Editor's take: Undeniably, we usually spend a lot of time talking about leading edge semiconductor manufacturing. This is a common mistake that everyone falls into when discussing semis, one which we are as guilty of as anyone. The world is rightly focused on the scarcity of companies capable of operating at the leading edge, but there is a lot more to semis.
Big quote: It's often said that there are three significant influences on global politics (and wars): oil, land, and religion. According to Intel boss Pat Gelsinger, semiconductors will join that list and become more important than the location of oil reserves for the next five decades.
There is no simple answer, but we think there are a few factors that really stand out...
The big picture: By now, we are all familiar with the fact that TSMC is, by far, the most capable semiconductor manufacturer in the world, with all the entails for the industry and geopolitics. And as this reality sets in, many people have been asking us how did they get so good?
In context: Samsung will use its most advanced manufacturing process to make chips for four well-known technology companies. The race to overtake TSMC as the world's largest chip foundry is on, while geopolitical conflicts are tearing the old economic balance apart.
The chip companies are never going to really love this business
The big picture: Earlier this year we were reviewing Analyst Day slides from leading semiconductor companies and a clear theme emerged. Large companies are all shifting in a similar direction, posing some potential challenges for their long-term positions. More and more customers are looking for special purpose chips, a coping mechanism for dealing with the slowdown in Moore's Law. And the big players are all looking to support those customers.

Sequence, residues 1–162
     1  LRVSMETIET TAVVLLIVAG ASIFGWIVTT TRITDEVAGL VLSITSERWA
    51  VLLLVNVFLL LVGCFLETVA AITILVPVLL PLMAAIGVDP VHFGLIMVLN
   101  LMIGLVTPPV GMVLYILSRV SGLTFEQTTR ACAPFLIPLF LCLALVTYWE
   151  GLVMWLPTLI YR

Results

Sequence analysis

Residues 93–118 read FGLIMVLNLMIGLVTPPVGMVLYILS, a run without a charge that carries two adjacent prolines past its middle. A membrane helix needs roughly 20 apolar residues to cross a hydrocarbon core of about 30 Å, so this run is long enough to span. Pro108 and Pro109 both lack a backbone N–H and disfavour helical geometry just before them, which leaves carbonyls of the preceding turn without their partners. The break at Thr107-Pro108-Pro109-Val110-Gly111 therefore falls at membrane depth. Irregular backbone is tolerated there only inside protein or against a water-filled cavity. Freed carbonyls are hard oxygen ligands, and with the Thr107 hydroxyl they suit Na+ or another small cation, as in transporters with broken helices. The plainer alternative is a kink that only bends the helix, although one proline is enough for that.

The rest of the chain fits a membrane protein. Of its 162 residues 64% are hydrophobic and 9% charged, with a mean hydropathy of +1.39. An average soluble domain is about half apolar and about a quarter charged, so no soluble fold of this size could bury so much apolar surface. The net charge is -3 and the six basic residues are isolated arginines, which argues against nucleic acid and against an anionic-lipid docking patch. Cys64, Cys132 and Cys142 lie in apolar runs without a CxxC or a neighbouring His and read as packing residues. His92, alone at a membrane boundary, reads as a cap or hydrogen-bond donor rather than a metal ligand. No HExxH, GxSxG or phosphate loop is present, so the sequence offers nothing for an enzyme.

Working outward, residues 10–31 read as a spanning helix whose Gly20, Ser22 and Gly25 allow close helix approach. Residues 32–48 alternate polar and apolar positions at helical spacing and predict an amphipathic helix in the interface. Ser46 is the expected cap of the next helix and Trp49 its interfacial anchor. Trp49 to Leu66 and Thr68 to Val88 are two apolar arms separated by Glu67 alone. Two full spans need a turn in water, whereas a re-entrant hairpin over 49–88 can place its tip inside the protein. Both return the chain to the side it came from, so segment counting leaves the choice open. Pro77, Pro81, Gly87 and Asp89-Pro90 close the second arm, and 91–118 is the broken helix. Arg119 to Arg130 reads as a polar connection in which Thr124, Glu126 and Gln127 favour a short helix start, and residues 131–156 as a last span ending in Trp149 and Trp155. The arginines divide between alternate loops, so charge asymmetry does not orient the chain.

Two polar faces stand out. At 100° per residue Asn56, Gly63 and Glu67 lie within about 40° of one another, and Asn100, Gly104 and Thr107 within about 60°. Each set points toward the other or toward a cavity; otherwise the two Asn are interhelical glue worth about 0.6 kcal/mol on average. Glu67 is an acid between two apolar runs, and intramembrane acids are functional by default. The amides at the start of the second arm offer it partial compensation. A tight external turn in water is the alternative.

Cars are still less than 10% revenue for most chip companies
Why it matters: Over the past few years the semis industry has become somewhat obsessed with autos. Every major chip company now dedicates a fair amount of coverage to cars in all their investor presentations. Or at least it seems that way. In part that reflects a genuine growth in auto semis, and in part the tapering of growth in many other categories like mobile, PCs, etc.
Why it matters: Earlier this month, the US government blocked the sale of specific chips to anyone in China. We see this as an important change by the government in the tactics they are deploying. The United States has gone from blocking specific companies in China, to blocking all companies and focusing on specific products.
This is a big change, and opens up the question -- what exactly are they hoping to achieve? This matters obviously in that it can help us predict the outcome, but we increasingly hold the view that the government may not have entirely thought through how this will ultimately play out.